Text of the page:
The Frederick S. Hamilton Building was erected next to the old museum building, built in 1971 by Gio Ponti. In contrast to the restrained structure of the Italian architect, Libeskind's new work, his first building in the United States, resembles abstract sculpture with its fractured forms and expression, and is clad in silvery-gray titanium panels. As if exploding from the inside, the volume of the new building is connected to the "medieval castle" of Ponti by a glazed passage on the third floor level. But they are also connected by the principle of contrast, on which the relationship between the two buildings of the Libeskind Museum was built. The new structure also draws into its orbit the nearby postmodern Central City Library of 1995 Michael Graves.
In front of the museum, there is a small area for recreation of the townspeople and an exhibition of large-sized sculptures from the collection of the Denver Museum of Art. This open space in the city center is bounded on one side by the Hamilton building and on the other by the Museum Residences, also designed by Daniel Libeskind. They represent a softened version of his creative manner, fully expressed in the museum building. Thus, from the point of view of the exterior and urban planning function, Libeskind's project can be called successful, albeit very typical or even banal - in relation to the characteristic individual style of this architect. Its forms are habitually repeated by the famous Jewish Museum in Berlin by this architect.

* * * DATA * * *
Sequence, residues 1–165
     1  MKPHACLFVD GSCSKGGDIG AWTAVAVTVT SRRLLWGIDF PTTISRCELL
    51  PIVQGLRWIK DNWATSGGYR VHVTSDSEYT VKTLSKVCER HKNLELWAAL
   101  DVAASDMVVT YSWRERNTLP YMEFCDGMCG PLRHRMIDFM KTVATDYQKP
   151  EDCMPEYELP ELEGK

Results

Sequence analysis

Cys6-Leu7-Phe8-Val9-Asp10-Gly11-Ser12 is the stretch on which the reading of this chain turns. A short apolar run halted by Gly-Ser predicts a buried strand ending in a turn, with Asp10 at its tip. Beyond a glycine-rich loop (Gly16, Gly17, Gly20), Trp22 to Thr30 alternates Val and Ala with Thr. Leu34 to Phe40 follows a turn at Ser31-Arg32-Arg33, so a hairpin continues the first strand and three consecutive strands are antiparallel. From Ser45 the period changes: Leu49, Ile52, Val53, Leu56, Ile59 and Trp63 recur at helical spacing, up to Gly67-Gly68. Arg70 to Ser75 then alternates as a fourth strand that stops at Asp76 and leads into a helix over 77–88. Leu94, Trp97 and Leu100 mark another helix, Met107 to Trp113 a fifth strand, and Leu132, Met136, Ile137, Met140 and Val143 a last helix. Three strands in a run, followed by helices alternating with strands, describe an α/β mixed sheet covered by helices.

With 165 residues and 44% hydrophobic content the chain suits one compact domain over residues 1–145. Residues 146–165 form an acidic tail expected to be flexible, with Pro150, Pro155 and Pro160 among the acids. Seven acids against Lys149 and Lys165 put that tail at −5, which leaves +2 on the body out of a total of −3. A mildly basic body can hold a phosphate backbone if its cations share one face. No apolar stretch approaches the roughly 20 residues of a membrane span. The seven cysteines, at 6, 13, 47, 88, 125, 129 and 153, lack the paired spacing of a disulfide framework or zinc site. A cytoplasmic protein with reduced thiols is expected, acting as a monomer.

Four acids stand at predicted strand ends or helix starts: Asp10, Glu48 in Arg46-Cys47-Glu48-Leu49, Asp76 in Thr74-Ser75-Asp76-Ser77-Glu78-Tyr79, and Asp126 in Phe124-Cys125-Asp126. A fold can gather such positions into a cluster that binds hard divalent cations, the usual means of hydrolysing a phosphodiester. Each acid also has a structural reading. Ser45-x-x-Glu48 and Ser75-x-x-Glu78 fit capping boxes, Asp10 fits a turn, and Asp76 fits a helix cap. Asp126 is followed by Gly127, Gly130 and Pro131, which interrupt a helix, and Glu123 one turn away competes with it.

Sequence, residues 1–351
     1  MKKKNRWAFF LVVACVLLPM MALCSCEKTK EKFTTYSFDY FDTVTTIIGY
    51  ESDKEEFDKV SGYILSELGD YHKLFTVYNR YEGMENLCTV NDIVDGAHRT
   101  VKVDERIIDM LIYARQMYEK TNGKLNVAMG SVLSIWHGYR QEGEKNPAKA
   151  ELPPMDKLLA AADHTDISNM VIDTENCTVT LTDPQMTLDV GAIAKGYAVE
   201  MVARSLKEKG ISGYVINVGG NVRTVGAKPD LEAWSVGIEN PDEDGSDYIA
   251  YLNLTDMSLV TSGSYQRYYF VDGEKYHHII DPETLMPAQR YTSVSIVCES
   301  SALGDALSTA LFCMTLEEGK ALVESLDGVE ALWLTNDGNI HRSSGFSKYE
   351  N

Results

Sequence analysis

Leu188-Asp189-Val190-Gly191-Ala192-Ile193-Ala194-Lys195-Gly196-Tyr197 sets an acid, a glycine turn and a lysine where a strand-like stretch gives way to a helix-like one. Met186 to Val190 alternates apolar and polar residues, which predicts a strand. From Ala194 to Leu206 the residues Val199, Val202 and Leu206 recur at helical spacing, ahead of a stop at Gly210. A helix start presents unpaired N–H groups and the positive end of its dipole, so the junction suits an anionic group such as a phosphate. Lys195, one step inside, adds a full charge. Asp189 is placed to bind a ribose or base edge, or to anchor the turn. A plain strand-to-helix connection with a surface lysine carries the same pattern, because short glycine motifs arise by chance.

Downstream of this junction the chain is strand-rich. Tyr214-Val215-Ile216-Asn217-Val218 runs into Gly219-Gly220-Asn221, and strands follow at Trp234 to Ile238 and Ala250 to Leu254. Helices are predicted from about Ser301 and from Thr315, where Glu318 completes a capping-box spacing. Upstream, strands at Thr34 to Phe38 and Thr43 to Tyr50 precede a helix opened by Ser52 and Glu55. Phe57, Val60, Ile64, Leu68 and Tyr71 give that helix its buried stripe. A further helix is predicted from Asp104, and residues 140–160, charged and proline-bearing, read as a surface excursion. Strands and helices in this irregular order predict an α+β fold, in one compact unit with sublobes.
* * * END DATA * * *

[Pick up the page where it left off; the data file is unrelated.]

But the main thing in any museum building is not its façade, but exhibition halls. Namely, with regard to the interior, Hamilton's case is especially vulnerable to criticism. When Libeskind took part in an architectural competition in 2000 for the design of a new wing of the museum, he convinced the jury to give preference to his version over the proposals of Arata Isozaki and Tom Main by emphasizing his own way of designing: from the inside out. Now it is very difficult to believe in it. Through the main entrance, the visitor enters the atrium, which is all four floors of the museum. With its seemingly falling inward walls, slit-like sections of glazing in the ceiling, and, most importantly, a curved staircase that tapers upwards, this space makes a dramatic impression. But in the adjoining galleries, surprise turns into a feeling of inconvenience and anxiety. The wedge-shaped plans of the halls and their sloping ceilings, which are easy to bruise, not only oppress visitors, but are practically "opposed" to most of the exhibits.
The curators were forced to hang pictures on the walls, extending from the floor at an angle not 90, but 45 degrees, and with an inclination to either side. The low ceilings and sharp corners of most of the halls leave only small spaces in the center of the rooms for exhibiting. As a result, Hamilton's building forces us to take a fresh look at the constant calls of supporters of traditional architecture for the creation of more restrained and thoughtful museum projects, in which there would be room not only for the original solution of the building itself, but also for the works of art stored in it.